Wednesday, October 20, 2010


(Beginning a new installment of a new column which is, apparently and unfortunately, necessary . . .)

So Atlas is done, and cue the wailing an gnashing of teeth amongst the comics intelligentsia about how we can't have nice things like Atlas/S.W.O.R.D./Captain Britain & M.I. 13 because those stupid-ass readers keep buying their Deadpool comics and ruining it for everyone. This is commonly referred to here as the Hive Mind Fallacy.

Because it's always someone else's fault, of course. It couldn't be, for instance, that all of these books were extreme niche products that, however good they were, were never going to find the mass audience necessary to justify their existence as an ongoing series. It was always going to be a niche product in an audience that has contracted to such appalling levels there are no room for niches anymore.

Atlas is a great example of what tries to happen when you try numerous things in the name of addressing this essential and frankly insurmountable. The first miniseries, which I reviewed here and if you'll remember, I liked very much. It took obscure characters that were very much continuity backwaters and set them up with an interesting raison d'etre, and I was interested to read more.

I did, however, assume it would be another limited series, as something this niche would easily support. Lord knows Marvel isn't shy about running yearly mini-series of characters that can't support an ongoing book--witness Pet Avengers--and can be enjoyed partially because they're not around long enough to wear out their welcome.

Instead, Agents of Atlas gets an ongoing book that for the first eight issues or so ties into the Big Event of the time, Dark Reign. And, of course, it fell into the same trap that every Dark Reign crossover (well, any issue of Dark Reign, really--I mean, nothing happened in that damn thing after the initial establishment of the premise, did it?) Character(s) of book swears to bring Norman Osborn down and never get anywhere, Norman Osborn shows up and acts like a jackass, lather, rinse, repeat.

So now you have a book that has an utterly meaningless tie-in (because nothing in Agents of Atlas impacts Dark Reign) and so much time is spent tying into this that the characters can't work in their own milieu for having to plod through this idiot crossover. Result: No one's happy, because Dark Reign was the first crossover in which every issue was a red skies issue and the stuff that was set up in the mini can't be played out because Norman Osborn, who really never credibly should have been in any position of power, is outfoxing them like he'd Grand Admiral Thrawn or some shit. Which makes the main characters of the books look like incompetent buffoons in the bargain, and do you want to read about stupid people?

So they shuffle Atlas into a backup features with Hercules for awhile and do a few mini-series teaming with the X-Men or whatever and then, with a new trade dress to stick on the cover, they re-launch it again as just plain Atlas.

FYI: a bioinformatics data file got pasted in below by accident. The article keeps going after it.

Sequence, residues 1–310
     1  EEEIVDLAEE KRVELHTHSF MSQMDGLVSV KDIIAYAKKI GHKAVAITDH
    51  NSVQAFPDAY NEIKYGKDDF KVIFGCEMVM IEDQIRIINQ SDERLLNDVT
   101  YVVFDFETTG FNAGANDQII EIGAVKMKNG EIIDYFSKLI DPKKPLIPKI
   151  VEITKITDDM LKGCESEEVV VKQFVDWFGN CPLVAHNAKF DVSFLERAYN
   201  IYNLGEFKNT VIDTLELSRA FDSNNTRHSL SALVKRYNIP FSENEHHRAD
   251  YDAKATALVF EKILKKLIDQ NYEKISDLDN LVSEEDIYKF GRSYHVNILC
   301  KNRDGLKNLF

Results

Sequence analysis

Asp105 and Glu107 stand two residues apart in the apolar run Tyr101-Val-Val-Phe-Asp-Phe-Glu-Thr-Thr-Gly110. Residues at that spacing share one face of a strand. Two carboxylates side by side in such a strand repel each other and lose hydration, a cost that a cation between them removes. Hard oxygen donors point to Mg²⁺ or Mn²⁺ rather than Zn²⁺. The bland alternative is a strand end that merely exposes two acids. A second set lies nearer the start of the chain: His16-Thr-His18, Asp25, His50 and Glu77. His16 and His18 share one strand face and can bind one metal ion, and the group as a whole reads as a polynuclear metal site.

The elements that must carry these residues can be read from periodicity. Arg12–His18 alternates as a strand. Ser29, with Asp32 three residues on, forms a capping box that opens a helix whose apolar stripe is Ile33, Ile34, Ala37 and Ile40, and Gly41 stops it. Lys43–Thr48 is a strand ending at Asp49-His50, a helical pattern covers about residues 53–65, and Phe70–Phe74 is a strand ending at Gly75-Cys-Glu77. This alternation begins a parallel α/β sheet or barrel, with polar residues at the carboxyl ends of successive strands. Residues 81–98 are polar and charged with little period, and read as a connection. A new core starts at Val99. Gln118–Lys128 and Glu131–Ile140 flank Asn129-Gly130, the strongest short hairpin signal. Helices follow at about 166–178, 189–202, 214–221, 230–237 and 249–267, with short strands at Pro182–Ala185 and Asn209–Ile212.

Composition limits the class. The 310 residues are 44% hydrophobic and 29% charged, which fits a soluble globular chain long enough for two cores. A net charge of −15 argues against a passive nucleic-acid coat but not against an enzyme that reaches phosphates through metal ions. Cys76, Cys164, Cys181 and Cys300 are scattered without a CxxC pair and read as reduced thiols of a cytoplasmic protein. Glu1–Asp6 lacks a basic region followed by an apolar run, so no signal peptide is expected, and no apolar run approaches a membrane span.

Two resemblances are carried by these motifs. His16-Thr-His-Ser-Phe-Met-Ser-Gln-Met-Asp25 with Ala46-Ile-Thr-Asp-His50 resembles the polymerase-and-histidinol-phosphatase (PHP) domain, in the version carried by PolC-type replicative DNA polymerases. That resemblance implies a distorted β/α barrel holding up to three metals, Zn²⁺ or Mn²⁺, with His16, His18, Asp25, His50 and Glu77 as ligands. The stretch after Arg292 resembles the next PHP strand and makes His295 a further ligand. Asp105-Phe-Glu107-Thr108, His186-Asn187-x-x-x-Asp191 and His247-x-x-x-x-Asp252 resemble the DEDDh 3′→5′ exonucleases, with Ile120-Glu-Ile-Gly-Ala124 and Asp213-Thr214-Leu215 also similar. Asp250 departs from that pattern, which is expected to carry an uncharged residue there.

One could hardly say they didn't learn their lesson from last time. Whatever flaws the initial ongoing series had, this version at least led with a story that was germane to the characters. Tragically, it wasn't an interesting story as yet again the 3-D Man gets shoehorned in and drags an uninteresting, impenetrable, and hopelessly contradictory backstory--not that I would have minded having a newer backstory for the 3-D Man, I just wanted it to be, y'know, good--with him. Oh yes, and the art's muddled and dark, so much so it's difficult to pick out what's supposed to be happening at any given time.

Oh, and it's $4 apiece for 5 issues wherein the plot moves at a crawl. Under the circumstances, I can't imagine why it tanked.

Back in the day, of course, none of this would be a problem. Atlas is a middling little cult hit? Well, we'll run a few mini-series, and hope it builds an audience for itself. If it doesn't, well, the fans of it have a couple of great stories out of it and it can be looked back fondly upon as this strange little thing. If it builds an audience, well, great. We'll do a bimonthly or monthly comic and it can be this slow and steady mid-list hit (like Power Man and Iron Fist, Marvel Team-Up, Marvel Two-In-One, or Defenders--this was far enough back when the comics readership was big enough to have a mid-list) that lasts for a few years, then we can rest it and bring it back in a few years.

However, with news that comic sales are tanking even more than the last time everyone went into ball-freezing terror because sales were so far down, (which was last month) the comics companies have no choice but to con as many people as possible into buying as much as possible (making them as expensive as possible too) by perpetrating and perpetuating the twin lies that Everything Counts and You Have To Read All Of It.

I mean, what else can you do? Grow the audience? Well, it appears everyone has forgotten how to do that, even with the gimmie of major comic movies every year or so now--yes, even with the free fucking publicity of a movie, or a cartoon series, or what have you comic companies can not seem to work out how to get people to read comics. I cannot think of a more damning indictment than that.

And that is the problem, ultimately. Superheroes have gotten stupid because the continual contraction the market and the equal continuous soaking of the poor lost souls that are left for every dime that can still be shaken out of their pockets. Don't ask them to support your comic you think is this hip take on superheroes and then rain scorn on them when it doesn't happen, blame the forces that led to such a pitiful market in the first place that no longer has room for a book like this, nor the patience to reach out to newer audiences. The fish stinks from the head, after all.

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